“I don't think I ever will have a focus area as a filmmaker. Maybe you can ask me a question again when I'm 50, but right now I think that it's kind of exciting to get to dive into the different aspects of environmental stories,” she says. “Also, there's so much connection when you do a story about environmental pollution, when you do a story about wildlife trafficking, you do a story about public health. These might seem like three completely different subjects to someone from the outside, but the truth is that they're so interlinked.”

Vaz has produced films about vulnerable migrant workers through the National Geographic COVID-19 Fund for Journalists, bat conservation in a post-pandemic world for Al Jazeera, and elephant tourism as it relates to criminal trafficking for the BBC’s Natural History Unit, amongst countless other feats that have garnered her international recognition as a filmmaker and conservationist.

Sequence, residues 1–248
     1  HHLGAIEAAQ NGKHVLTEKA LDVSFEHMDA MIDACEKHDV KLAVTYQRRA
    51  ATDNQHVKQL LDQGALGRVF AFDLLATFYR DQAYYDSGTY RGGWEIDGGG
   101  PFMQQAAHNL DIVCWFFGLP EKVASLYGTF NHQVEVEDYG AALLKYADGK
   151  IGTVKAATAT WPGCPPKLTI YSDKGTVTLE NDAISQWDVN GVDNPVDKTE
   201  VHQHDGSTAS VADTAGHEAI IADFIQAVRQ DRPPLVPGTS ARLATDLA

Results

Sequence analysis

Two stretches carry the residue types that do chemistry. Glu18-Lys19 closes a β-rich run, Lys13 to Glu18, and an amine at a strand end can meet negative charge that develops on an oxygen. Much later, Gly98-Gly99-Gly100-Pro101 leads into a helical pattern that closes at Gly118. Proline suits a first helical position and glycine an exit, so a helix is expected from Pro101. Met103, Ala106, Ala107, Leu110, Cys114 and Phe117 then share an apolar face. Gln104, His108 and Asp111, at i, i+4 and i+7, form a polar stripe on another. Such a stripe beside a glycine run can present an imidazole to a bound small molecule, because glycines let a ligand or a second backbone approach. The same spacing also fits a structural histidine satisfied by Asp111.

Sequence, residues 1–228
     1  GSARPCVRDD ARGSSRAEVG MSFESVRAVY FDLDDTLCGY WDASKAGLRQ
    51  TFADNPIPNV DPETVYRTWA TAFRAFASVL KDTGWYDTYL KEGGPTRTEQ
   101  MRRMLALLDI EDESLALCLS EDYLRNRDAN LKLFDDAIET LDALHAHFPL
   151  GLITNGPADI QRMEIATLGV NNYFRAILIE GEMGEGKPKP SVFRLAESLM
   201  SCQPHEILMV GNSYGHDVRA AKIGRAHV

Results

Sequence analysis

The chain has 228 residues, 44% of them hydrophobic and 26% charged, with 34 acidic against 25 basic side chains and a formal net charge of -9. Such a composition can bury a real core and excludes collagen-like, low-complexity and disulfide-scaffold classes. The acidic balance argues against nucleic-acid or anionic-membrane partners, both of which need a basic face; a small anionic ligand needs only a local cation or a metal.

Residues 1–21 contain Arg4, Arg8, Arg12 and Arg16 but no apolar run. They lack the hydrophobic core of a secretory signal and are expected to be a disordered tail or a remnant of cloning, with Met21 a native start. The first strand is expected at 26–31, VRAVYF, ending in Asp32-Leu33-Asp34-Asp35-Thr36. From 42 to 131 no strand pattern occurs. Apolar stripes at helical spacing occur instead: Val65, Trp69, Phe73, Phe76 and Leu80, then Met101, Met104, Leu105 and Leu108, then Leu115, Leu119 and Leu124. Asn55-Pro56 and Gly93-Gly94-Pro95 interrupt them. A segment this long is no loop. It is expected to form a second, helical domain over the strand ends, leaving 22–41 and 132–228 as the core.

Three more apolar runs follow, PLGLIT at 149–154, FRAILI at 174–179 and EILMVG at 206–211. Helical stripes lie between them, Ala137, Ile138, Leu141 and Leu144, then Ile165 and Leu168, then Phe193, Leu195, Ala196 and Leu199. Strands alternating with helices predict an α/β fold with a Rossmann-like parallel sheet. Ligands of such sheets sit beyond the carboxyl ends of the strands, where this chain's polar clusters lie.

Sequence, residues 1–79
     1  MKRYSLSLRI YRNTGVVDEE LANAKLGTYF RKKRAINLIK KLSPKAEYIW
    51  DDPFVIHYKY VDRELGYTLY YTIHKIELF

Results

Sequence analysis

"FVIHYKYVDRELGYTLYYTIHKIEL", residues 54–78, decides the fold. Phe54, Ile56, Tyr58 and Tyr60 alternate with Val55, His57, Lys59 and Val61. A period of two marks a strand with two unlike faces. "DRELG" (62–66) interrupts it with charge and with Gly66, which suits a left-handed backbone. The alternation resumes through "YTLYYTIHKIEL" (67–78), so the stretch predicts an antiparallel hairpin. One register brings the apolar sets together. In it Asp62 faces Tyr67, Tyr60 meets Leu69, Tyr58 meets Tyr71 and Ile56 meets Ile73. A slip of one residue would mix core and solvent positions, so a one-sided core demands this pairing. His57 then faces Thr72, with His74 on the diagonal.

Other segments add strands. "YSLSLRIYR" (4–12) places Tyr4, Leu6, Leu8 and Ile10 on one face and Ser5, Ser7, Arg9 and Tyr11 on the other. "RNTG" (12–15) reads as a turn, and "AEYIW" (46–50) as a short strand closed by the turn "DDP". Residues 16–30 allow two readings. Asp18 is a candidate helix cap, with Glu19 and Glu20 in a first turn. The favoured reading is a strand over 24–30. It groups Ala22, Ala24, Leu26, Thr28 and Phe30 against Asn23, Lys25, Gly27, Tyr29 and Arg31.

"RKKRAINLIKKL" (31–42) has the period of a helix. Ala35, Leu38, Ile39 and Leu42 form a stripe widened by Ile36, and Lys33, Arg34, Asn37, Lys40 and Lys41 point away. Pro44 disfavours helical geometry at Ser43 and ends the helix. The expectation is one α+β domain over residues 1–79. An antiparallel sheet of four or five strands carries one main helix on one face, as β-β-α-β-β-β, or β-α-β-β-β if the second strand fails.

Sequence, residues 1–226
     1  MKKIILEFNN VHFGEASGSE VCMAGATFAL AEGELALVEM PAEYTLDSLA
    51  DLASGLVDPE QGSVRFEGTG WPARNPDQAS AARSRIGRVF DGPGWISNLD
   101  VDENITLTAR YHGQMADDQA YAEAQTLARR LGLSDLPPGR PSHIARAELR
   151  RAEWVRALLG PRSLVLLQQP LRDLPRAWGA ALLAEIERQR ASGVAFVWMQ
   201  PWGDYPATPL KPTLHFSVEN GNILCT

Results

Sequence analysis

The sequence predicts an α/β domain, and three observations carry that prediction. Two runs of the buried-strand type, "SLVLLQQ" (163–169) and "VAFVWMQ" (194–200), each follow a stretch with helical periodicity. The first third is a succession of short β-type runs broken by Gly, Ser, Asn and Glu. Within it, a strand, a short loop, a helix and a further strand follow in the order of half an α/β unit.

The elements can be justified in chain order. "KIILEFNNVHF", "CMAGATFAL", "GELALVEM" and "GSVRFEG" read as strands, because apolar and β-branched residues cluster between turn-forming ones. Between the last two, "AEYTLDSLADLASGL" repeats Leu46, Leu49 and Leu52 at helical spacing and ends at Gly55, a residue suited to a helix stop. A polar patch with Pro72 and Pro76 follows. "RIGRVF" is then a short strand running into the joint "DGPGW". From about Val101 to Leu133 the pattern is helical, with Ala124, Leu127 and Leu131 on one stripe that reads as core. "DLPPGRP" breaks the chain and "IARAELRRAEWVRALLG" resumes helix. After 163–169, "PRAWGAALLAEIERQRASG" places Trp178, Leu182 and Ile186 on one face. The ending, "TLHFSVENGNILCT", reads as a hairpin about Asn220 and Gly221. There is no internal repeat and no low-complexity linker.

Her most recent work with the Society takes a close look at how industrial pollution disproportionately affects vulnerable communities everywhere, from crowded cities in Asia to the remotest parts of the Arctic. For this, she plans to go incognito once again. “I will be embedding with miners. I will be filming in one of the world’s biggest landfills where there's millions and millions of tons of garbage,” Vaz explains. “I'm going to be going undercover in garment factories in Bangladesh to see what the back end of pollution looks like and I’m going to be testing my body to see exactly what the impact of pollution has been on my body.”